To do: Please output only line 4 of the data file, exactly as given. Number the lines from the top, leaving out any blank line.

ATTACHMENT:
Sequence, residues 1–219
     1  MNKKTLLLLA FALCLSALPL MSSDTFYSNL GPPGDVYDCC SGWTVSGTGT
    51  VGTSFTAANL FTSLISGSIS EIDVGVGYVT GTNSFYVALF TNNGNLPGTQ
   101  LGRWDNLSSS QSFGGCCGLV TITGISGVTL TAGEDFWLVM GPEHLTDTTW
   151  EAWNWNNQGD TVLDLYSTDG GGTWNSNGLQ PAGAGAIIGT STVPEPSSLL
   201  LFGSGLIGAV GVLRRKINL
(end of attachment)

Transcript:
   101  LGRWDNLSSS QSFGGCCGLV TITGISGVTL TAGEDFWLVM GPEHLTDTTW